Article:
6 Spanish words that have Japanese origin and that we use without realizing it

You must have ever seen a ninja movie, completed a magazine sudoku puzzle, or ate sushi, although you may not have liked it.

The truth is that both ninja, sudoku and sushi They are words that come from Japanese and that the Spanish language adopted.

They are not the only ones. According to a recent count by the Fundación del Español Urgente (Fundeu), the Dictionary of the Spanish Language of the Royal Spanish Academy (RAE) has 59 words of Japanese origin.

Other research maintains that Spanish has 92 Japaneseisms, as this set of words is called.

And if we put the magnifying glass in Latin America, specifically in Peru, where there is a large community of Japanese descendants, the words are more than 100.

However, the influence of Japanese on the Spanish language “cannot be compared with another language, such as English or French,” Rafael Fernández Mata, professor of Spanish at the University of Córdoba, Spain, and author tells BBC Mundo of different studies on Japanese in Spanish.

According to his research, there are Japanese words that entered the Spanish language dating back to the 16th century. The first were catana and bonzo.

Catana in Spanish can be a knife, a saber, and in Cuba also an old and dilapidated car. Its origin is the Japanese word Katana which is sword.

Y bonze has its origin in the Japanese word bonsa, who is a Buddhist monk.

Hence also the expression “Bonzo” which means spraying yourself with flammable liquid and setting yourself on fire in public in protest or solidarity in reference to the first monks who carried out such acts in the 1960s.

But there are other words incorporated into the Spanish language that you may not even know have Japanese origin. Here we leave you some.

1. Screen

(Photo: Getty Images)

In case you don’t know it, it is a screen made up of several frames, which closes, opens and unfolds. It is often used to separate environments.

The word comes from the Japanese byómbu, a variant of byób;byó means protection and bu, wind.

2. Emoji 😃

This is one of the words of Japanese origin recently incorporated into the Dictionary of the Spanish Language of the RAE.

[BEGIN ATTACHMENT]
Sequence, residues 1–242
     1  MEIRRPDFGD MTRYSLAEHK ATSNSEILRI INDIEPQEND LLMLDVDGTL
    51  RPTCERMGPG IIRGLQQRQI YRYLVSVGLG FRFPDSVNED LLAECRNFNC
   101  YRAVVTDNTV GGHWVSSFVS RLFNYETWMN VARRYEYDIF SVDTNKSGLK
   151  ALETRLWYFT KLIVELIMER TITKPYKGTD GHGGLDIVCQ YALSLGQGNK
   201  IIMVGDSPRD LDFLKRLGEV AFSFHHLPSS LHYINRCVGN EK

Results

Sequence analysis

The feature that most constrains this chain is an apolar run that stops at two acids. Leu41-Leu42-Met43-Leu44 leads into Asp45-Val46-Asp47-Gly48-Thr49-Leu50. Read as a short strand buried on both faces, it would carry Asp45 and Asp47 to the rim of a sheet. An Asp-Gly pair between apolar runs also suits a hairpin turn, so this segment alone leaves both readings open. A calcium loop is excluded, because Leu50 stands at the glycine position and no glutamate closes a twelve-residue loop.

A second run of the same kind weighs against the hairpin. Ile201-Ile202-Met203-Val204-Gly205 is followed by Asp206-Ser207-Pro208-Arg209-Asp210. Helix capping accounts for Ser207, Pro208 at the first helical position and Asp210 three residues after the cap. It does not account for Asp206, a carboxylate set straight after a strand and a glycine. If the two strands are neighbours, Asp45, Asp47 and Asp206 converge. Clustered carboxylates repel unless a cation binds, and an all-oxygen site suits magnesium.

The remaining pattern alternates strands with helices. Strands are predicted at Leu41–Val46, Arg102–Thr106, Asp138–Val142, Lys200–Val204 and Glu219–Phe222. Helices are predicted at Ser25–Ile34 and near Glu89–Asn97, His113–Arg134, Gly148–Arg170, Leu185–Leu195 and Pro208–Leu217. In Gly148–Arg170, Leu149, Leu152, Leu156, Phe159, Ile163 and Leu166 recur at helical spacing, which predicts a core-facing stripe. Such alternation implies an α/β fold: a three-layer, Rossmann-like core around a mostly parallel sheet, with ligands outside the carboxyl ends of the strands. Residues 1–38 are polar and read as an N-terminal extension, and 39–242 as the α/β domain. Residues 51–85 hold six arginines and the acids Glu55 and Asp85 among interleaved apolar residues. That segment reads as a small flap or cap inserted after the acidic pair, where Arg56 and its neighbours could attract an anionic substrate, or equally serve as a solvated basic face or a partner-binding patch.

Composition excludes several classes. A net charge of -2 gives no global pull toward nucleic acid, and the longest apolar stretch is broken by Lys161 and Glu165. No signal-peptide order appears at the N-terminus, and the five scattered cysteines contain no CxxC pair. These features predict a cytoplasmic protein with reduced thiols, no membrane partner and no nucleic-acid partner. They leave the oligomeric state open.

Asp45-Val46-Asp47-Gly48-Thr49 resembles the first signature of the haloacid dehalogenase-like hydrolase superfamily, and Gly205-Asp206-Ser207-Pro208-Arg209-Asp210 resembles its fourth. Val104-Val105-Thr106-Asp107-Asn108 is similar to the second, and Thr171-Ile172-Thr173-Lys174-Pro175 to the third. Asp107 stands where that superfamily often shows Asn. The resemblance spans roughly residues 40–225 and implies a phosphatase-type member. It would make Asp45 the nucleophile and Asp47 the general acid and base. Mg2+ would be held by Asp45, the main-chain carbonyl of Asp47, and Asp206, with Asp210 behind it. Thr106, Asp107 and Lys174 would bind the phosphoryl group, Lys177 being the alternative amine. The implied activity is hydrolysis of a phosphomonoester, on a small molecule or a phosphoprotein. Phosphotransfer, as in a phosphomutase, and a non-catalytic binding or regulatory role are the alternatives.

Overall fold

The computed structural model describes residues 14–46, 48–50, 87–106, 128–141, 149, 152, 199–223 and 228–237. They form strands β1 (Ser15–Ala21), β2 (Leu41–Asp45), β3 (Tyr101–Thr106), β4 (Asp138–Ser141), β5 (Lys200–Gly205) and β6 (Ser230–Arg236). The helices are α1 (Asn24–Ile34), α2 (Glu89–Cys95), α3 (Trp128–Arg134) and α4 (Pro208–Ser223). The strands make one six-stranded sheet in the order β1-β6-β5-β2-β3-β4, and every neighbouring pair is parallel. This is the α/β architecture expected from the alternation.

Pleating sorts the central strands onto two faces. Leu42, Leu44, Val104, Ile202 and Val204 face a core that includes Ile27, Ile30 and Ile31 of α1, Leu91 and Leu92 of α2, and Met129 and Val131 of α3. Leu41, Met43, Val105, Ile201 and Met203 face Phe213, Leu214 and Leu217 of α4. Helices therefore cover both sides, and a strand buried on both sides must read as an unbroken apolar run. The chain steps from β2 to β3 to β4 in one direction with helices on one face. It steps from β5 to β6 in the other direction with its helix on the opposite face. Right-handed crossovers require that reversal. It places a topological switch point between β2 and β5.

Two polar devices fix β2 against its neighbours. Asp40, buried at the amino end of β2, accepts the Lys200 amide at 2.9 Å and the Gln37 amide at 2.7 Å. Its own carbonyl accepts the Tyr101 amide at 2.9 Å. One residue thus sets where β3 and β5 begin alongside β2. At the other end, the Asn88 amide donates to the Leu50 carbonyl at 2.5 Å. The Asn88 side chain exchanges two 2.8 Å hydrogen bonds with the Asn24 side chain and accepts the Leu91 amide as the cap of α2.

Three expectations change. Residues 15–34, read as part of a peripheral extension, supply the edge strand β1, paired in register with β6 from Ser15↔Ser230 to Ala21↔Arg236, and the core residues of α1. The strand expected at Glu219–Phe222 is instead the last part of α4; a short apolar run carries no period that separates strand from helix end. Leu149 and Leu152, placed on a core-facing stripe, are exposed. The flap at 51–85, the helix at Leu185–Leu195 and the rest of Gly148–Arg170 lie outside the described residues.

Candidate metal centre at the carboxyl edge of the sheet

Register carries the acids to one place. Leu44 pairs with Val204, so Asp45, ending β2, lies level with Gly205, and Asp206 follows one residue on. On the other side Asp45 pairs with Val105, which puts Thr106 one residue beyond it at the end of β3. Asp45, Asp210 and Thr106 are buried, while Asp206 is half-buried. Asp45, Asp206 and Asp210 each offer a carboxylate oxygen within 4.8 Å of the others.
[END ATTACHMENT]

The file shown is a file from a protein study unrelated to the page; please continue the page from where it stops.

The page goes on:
In Japanese and means drawing and moji is character, writing sign.

Its definition says that it is a small image or digital icon that is used in electronic communications to represent an emotion, an object, an idea.

And it should not be confused with an emoticon, a word that comes from English and refers to the symbols formed by keyboard signs, which represents a facial expression in electronic messages.

Don’t say I didn’t warn you 😉

3. Futon

An oriental woman prepares a futon.
(Photo: Getty Images)

It is a cotton mat that serves as a seat or bed, typical of Japan.

It comes from the same word in Japanese futon.

4. Karaoke

BBC series 'Empty Orchestra'
(Photo: BBC)

Karaoke can be the activity of interpreting a song on a recorded musical background, while following the lyrics that appear on a screen; the technical equipment consisting of a sound amplifier, microphone, etc., used for karaoke; or the public place with karaoke facilities.

Any of the three comes from the Japanese word karaoke: kara means empty and ok is a shortening of ōkesutora which is an orchestra.

5. Soy

(Photo: Science Photo Library)

In sauce, milk, cheese, etc., many foods are made from soy, which is the highly nutritious fruit of the legume plant from Asia that bears the same name.

It comes from the Japanese shoyu and according to Fernández Mata’s research, it is the most used Japaneseism in the Spanish language.

6. Tsunami

A woman walks through rubble in the Japanese town of Minamisanriku in northern Japan after the 2011 tsunami.
A woman walks through rubble in the Japanese town of Minamisanriku in northern Japan after the 2011 tsunami (Photo: Reuters)

In the last 20 years there have been two great natural catastrophes that left hundreds of thousands of people dead.

We refer to the tsunami in the Indian Ocean in 2004 and in Japan in 2011.

It is the gigantic wave produced by a tsunami or a volcanic eruption at the bottom of the sea. Those tragedies began to be called worldwide as the Japanese word tsunami.

Although it is not a new word, “with the tsunami of 2004 and then in 2011 it is observed that the number of times it is used increased”, details Fernández Mata.

Along with soybeans, tsunami is the word of Japanese origin most used in the Spanish language.

Japanese writing.
(Photo: Getty Images)